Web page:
Ninth international conference on Networked Learning 2014
Home > Sihvonen

Logos for Lancaster University, The Open Universiteit Netherlands, The Open University, Aalborg University

Small Projects as Winners in the Organizational Learning Network

Mika Sihvonen, Miikka Sipilä, School of Information Sciences, University of Tampere, Finland.

In this paper we argue that small development projects can be seen as the key actors in a large formal network of projects. The reason for this study were the observations made during the joint seminars and face-to-face meetings held for the overarching project network. The small projects or small teams of participatory projects remarked that learning experiences on those occasions were versatile and that there were a lot of possibilities for collaboration with other projects. At the same time, the people in the large projects considered themselves as information providers rather than as actual learners. The study focuses on the network of projects in a large national ESF development programme. One of the main goals of the development programme was to achieve a proper level of information sharing between its projects. The programme supervisors envisioned that, since all the projects had the same the target group of adult citizens, there had to be information to share during the programme's run. In the right circumstances that could lead to organizational learning experiences and a sense of community. This research was conducted using a mixed approach involving qualitative and quantitative methods. The data was collected from an online survey and an interview round covering all development projects.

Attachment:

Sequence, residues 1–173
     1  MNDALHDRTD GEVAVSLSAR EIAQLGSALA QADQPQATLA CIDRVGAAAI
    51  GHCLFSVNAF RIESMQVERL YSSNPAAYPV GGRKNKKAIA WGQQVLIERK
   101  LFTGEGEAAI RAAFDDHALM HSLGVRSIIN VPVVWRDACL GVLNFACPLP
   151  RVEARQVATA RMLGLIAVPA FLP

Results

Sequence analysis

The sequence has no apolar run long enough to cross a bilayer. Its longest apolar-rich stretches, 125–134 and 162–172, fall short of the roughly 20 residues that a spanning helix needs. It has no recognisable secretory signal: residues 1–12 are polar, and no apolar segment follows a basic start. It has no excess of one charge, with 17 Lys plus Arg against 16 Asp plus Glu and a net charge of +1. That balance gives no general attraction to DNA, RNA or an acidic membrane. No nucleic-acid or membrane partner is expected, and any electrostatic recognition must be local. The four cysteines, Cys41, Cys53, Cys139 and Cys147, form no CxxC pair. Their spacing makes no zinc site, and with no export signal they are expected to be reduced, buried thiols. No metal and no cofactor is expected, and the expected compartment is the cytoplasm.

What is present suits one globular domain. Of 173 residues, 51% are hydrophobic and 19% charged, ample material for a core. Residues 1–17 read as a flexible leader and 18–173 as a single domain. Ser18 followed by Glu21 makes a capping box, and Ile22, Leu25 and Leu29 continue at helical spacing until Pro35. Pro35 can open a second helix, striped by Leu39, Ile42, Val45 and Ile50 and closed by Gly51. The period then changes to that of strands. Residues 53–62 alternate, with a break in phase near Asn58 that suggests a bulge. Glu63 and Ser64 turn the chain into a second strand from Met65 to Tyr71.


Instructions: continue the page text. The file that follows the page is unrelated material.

Even though the resources for networking are usually limited in a small project or a project team, the dynamics and flexibility of small actors make information sharing easier. Small teams can implement learnt practices more easily, because there is no large scale sub-network to consider. A large project tends to work as an isolated unit and for each of its participatory projects the need of networking with their peer projects is lower. In this research learning is aimed at good or promising practices, which can be seen as artefacts that are disseminated and developed by the participating projects. As a conclusion we suggest that the teams or projects in a network should be equal in size if the network requires interaction for information sharing and learning. A large, network-type project could also participate, however it would need personnel who are in charge of information sharing.

Organizational learning, project network, small project, best practices

Full Paper - .pdf



| Home | Call for Papers | Fees & Registration | Conference Organisation | Conference Travel and Accommodation |
| Invited Speakers | Community & Hot Seats| Past Conference Proceedings | Doctoral Consortium | Contact |